The Topping Riding Club of Sagaponack had a winner in Emma Dyson, who, said Mercedes Mann Olivieri, topped the 5-to-7-year-old Leadline division on Peter Pony for the second year in a row. Cady Ryan, also of that barn, was “second out of 40 entries.”

“Our older girls also did very well in the equitation classes. Chloe Terestchenko, 11, was fourth in the Hugh Cassidy III Junior Maclay, Olivia Guarna was sixth in the Children’s Medal Horse over fences, Devin Merrimann also took a sixth in the Local Children’s Hunter, and Isabel Adolf was seventh in Children’s High Equitation over fences.”

Back to Swan Creek, Jagger Topping, on Secret and Sun Phoenix, was in the ribbons in the professional local hunter division; Obelix, ridden by Kate Whalen, was third in the two local nonprofessional hunter jumping classes and seventh in the under saddle class; Caroline Adler, on M and M, was in the ribbons in the local junior hunters, and Popeye, ridden by Phoebe Topping, won a local junior class.

Swan Creek had three riders compete in the local amateur-owner division — Yvetta Rechler-Newman on Spring Fling, Barbara Borg on Sun Phoenix, and Madeline Grebow on Lincoln. “All three got ribbons,” said Patsy Topping, who added that Caroline Jungck “had a fifth in the Low Children’s Equitation walk-trot-canter/flat and a second over jumps, and Sophia D’Angelo was fifth in Children’s Eq High.”

“There’s still a lot to go — we’ve just gotten started,” Topping added. “We’ve got 15 riders in the Children’s Hunters on Tuesday, and we’ve got more riders in Short Stirrup on Wednesday, and in the Adult Amateur classes on Wednesday and Thursday.”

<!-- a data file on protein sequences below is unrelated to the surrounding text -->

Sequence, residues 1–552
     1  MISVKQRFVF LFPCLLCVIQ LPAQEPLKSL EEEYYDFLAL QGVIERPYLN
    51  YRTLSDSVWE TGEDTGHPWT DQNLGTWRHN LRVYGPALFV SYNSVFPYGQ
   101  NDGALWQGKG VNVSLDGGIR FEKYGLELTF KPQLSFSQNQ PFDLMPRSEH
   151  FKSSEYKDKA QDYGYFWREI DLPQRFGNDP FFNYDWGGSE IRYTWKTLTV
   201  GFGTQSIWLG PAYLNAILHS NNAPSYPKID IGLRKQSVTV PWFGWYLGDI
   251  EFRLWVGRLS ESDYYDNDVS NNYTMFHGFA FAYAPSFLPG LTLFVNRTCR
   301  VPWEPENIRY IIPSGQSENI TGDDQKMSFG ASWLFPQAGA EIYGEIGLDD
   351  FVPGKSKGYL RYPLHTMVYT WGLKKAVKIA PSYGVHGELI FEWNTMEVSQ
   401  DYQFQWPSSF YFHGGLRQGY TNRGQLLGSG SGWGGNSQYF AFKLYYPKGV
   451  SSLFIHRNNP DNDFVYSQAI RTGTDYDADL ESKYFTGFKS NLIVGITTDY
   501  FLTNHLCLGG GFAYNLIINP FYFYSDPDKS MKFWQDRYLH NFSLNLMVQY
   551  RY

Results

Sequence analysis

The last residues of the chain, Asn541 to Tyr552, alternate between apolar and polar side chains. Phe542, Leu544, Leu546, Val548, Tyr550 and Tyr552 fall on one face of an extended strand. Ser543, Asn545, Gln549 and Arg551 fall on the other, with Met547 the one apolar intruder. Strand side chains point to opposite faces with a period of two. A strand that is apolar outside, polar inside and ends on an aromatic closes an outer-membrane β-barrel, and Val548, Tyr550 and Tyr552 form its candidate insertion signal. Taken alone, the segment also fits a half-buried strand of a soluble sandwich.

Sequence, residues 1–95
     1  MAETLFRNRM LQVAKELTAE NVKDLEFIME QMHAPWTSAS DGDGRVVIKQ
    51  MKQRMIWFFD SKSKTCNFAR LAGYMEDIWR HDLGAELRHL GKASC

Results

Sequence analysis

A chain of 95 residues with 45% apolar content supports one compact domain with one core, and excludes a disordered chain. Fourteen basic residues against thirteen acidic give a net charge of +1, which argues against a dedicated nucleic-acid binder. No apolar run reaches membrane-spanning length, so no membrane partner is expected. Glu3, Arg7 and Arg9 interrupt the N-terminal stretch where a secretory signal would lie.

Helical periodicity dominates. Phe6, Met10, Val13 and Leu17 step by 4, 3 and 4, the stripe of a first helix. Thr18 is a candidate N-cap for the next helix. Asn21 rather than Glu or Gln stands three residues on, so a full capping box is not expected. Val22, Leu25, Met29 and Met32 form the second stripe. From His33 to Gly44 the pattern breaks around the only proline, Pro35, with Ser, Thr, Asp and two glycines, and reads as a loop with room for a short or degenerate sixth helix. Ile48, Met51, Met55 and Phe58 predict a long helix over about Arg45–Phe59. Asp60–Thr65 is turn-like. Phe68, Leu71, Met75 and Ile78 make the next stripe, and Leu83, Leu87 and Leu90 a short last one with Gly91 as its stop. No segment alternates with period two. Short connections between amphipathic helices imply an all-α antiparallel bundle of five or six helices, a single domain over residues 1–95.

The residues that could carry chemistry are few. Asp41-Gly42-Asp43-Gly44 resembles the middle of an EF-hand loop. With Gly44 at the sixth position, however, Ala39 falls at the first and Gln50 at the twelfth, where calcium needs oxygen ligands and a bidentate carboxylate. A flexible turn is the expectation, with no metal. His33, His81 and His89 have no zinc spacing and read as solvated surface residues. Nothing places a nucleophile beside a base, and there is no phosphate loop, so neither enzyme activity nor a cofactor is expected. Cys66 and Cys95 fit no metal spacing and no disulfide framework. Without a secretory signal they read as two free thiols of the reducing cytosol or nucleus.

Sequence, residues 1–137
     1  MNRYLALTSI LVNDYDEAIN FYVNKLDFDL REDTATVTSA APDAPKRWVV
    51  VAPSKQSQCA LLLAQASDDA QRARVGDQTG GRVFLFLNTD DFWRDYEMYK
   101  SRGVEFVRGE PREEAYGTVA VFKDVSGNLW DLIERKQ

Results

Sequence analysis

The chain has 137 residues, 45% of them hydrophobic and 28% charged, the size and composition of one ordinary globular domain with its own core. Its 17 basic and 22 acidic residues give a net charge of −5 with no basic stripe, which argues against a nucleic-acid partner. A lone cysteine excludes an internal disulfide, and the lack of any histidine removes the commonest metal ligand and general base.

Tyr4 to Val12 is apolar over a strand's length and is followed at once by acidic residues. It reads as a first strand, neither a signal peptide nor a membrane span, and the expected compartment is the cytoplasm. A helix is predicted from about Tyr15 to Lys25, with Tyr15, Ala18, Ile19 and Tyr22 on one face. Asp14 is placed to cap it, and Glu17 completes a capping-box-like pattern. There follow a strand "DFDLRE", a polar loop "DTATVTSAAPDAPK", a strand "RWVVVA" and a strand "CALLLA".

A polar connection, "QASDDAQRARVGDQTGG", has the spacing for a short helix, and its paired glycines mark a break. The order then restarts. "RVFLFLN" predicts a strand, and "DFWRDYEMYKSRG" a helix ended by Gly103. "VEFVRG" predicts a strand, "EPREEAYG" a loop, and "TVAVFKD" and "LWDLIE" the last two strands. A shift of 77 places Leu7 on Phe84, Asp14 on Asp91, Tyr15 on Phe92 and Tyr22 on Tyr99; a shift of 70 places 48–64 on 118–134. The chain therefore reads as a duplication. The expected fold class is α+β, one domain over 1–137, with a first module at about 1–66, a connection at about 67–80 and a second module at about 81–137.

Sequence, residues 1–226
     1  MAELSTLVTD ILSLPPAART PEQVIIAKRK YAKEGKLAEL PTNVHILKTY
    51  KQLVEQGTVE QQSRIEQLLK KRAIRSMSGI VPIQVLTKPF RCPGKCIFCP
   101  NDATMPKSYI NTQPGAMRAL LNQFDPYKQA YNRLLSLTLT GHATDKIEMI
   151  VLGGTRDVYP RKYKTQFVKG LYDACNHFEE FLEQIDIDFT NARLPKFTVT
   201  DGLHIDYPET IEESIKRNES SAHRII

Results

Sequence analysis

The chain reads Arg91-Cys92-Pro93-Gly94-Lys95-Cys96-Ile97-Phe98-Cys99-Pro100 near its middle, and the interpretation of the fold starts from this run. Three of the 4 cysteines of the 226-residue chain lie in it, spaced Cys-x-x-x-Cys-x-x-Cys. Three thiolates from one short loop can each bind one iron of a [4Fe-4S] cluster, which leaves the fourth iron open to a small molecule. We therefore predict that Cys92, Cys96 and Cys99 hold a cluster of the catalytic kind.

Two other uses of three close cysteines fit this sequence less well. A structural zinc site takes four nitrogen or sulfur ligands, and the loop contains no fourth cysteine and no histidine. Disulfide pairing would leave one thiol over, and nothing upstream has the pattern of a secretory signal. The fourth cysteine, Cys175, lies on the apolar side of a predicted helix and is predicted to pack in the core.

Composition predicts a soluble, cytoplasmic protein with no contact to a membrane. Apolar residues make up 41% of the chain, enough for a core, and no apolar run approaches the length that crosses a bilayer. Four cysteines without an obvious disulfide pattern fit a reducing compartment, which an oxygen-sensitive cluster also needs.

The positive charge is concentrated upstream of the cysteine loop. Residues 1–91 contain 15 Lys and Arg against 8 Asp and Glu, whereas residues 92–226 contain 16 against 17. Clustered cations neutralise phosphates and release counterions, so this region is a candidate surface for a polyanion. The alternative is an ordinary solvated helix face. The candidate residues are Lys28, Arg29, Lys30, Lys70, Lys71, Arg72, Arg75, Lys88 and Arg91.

Stony Hill Stables in Amagansett, which has for the past two years been offering scholarships to local students, had seven competitors on opening day — Gemma Roberts and Jacqueline Weiss, who each rode Oh Darla in the 2-4 Leadline division; Gemma Essex, on Shenanigans, Andre Steyn, on Snickers, and Stella Bilman, on Sparkle Plenty, in the 5-7 Leadline, and Eve Abraham, on Mighty Mouse, and Dylan Murphy, on Castlegate Rockabye, in Children’s Low Equitation.

Katarina Amann, on Empire Sweetheart, was to have ridden in Children’s Large Pony classes Tuesday. Grace Burns, on Farnley’s Blew Kisses, was to have competed in the Children’s Medium Pony division that day.

Yesterday, three other Stony Hill riders were slated to vie in the 9-and-under Short Stirrup division — Caroline Cole, on Rainbow Bright, Philipa Amann, on Yes No Maybe So, and Olivia Berger, on Velveteen.

The Hampton Classic Horse Show drew more than 600 Long Island riders to its opening classes Sunday, among them, above, Devon Degen of Water Mill, who won the Hugh J.B. Cassidy III Adult Maclay; Alex Donlon of Hicksville, below, winner of a Long Island Horse Show Series for Riders With Disabilities trophy.
Heidi Csorba, above,who gamely stayed on in a 2-to-4-year-old Leadline class, and Paige Towers, below, of Manhasset, bestowing a kiss on Baltimore II after placing second in Child Equitation Low/Fences Section B